Does Occupy Wall Street Make Mainstream American Media Irrelevant?

Telling a story that no one is sure has an audience is risky. If mainstream American media doesn't want to tell it, the man/woman on the street will
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For a few weeks now the amount of buzz about the Occupy Wall Street protests has been steadily increasing, spiking with the arrests last weekend and yesterday with the engagement of organized labor unions in the protests. This is despite being largely ignored or dismissed at first by mainstream American media. Certainly the growth in awareness about them is due somewhat to the media coverage they have gained since those early days. However, mainstream American media was unnecessary to sustain the protest. In Iran, then in the Arab world and now in New York, user-generated media has enabled activists to create their own credibility.

Mainstream media plays many important roles in any society. Among other things, it serves as source of information, and it serves as a source of intelligence for the public about what is or should be important to them. When properly fulfilling that latter role, it confers legitimacy upon true movements that seek social change and in so doing provides them with what they need to survive -- supporters. Except that in the three recent cases of major social protest that have already been mentioned, mainstream American media largely missed the story and, despite that, the movements went on and this continues in places like Yemen. This is the transformational power of digital tools and the user-generated media that they enable.

I've been both a ringside spectator and a player in all of this. In New Hampshire in 2003, I ran a campaign that intensively engaged more than 50,000 New Hampshire voters around health care reform but through largely traditional means. At the same time though, being very intimately involved with the primary process, I watched the Howard Dean campaign deploy digital tools that as a campaign organizer I had wanted for years. From 2005-2009, I was one of the leaders of Wal-Mart Watch, a movement that largely through the effective use of digital tools took on one of the world's largest corporations and gave them not one but several black eyes. Concurrently, I watched my friends at Blue State Digital, who were providing the digital tools for the Obama campaign, deploy new and ever more exciting ways to use new media.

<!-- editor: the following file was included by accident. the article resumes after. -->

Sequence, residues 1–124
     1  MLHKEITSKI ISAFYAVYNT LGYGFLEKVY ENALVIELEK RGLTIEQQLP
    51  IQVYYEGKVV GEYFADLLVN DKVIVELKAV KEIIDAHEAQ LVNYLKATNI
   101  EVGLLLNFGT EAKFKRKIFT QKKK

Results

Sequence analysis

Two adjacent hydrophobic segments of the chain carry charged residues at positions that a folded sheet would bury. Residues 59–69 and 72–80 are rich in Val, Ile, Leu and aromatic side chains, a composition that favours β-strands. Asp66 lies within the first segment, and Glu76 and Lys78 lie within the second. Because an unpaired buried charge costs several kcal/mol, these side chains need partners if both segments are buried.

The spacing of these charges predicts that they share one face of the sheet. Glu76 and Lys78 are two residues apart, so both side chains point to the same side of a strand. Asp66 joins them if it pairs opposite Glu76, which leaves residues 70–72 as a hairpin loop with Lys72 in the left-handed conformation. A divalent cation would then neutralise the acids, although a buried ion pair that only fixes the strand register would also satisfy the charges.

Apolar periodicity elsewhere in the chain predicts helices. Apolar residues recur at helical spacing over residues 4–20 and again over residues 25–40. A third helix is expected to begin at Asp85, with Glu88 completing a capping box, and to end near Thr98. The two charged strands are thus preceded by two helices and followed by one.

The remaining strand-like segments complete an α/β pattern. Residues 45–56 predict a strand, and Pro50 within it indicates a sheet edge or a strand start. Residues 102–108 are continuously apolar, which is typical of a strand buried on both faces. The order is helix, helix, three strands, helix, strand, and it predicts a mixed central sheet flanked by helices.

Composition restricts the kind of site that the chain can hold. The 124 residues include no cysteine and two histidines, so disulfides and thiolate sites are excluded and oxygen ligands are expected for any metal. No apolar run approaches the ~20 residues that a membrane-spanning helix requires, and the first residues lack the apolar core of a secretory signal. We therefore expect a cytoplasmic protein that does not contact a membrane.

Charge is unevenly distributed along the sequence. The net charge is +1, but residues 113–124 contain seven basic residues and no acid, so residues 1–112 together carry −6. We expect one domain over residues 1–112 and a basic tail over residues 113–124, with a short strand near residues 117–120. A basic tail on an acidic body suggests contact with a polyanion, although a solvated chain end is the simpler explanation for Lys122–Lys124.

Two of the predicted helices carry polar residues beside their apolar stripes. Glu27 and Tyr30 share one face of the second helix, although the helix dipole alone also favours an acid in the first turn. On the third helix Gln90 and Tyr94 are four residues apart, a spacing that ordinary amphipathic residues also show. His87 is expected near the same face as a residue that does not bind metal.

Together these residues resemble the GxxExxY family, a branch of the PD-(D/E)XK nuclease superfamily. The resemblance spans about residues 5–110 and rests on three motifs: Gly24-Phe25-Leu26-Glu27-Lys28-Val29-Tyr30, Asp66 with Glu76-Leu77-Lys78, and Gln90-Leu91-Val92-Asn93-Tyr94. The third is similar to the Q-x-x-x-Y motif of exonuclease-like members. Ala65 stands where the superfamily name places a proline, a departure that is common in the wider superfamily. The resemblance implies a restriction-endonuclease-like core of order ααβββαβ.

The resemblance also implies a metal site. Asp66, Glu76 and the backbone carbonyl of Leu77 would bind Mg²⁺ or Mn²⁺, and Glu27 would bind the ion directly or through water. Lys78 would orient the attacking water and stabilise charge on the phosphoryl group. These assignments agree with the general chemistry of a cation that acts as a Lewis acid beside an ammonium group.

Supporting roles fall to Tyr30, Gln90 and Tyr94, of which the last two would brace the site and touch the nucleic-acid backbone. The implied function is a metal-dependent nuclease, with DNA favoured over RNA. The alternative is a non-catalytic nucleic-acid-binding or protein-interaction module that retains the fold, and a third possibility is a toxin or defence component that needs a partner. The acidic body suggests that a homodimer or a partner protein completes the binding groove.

In each of these examples, activists told their own stories to each other when the media was not, created a sense of agreement that sustained them when popular approval was not yet forthcoming and acted out of a sense of shared purpose when realistic expectations of success were slim. In each case though the media was eventually forced to write about them because they survived to become a story. And in each case, the leadership of each of these, including myself, has said publicly that these movements could not have succeeded without digital tools.

I've talked to activists from the 1960s that have said that they did the same thing -- built movements in the face of great odds and despite a lack of general public awareness -- but not with the speed or the transformative power of the movements we are seeing today. To pull out some technology terminology, the difference is processor power. The speed with which I can reach people from my cell phone now on Twitter is like nothing that came before. The ability to have a conversation, plan a meeting or stage a protest is all exponentially higher because of these new tools and the ability of people to use them to broadcast their own voice.

So does this make traditional media irrelevant? The answer might be yes If CNN and the others continue to fail to see these stories before they can no longer be ignored. To some extent the predicament in which mainstream news finds itself has been a long-time coming. It's been caused by the push to create news that everyone wants to see, the push for ratings, and budget-cuts among other things. It has all led to a news production system that favors reporting stories over finding stories, the latter being left to PBS and NPR or an occasional valiant effort by an aggressive reporter to tell a story that he/she sees that others don't. It is just much easier to report on a celebrity divorce because everyone knows there is an audience for it, rather than to try to tell the world that something is important and hope they agree.

Something is happening with Occupy Wall Street. The movement is being fed with supporters through media, but it has been and still largely is user-generated media such as Twitter rather than CNN. Telling a story that no one is sure has an audience is risky. If mainstream American media doesn't want to tell it, the man/woman on the street will and that just makes the former a little bit less relevant.

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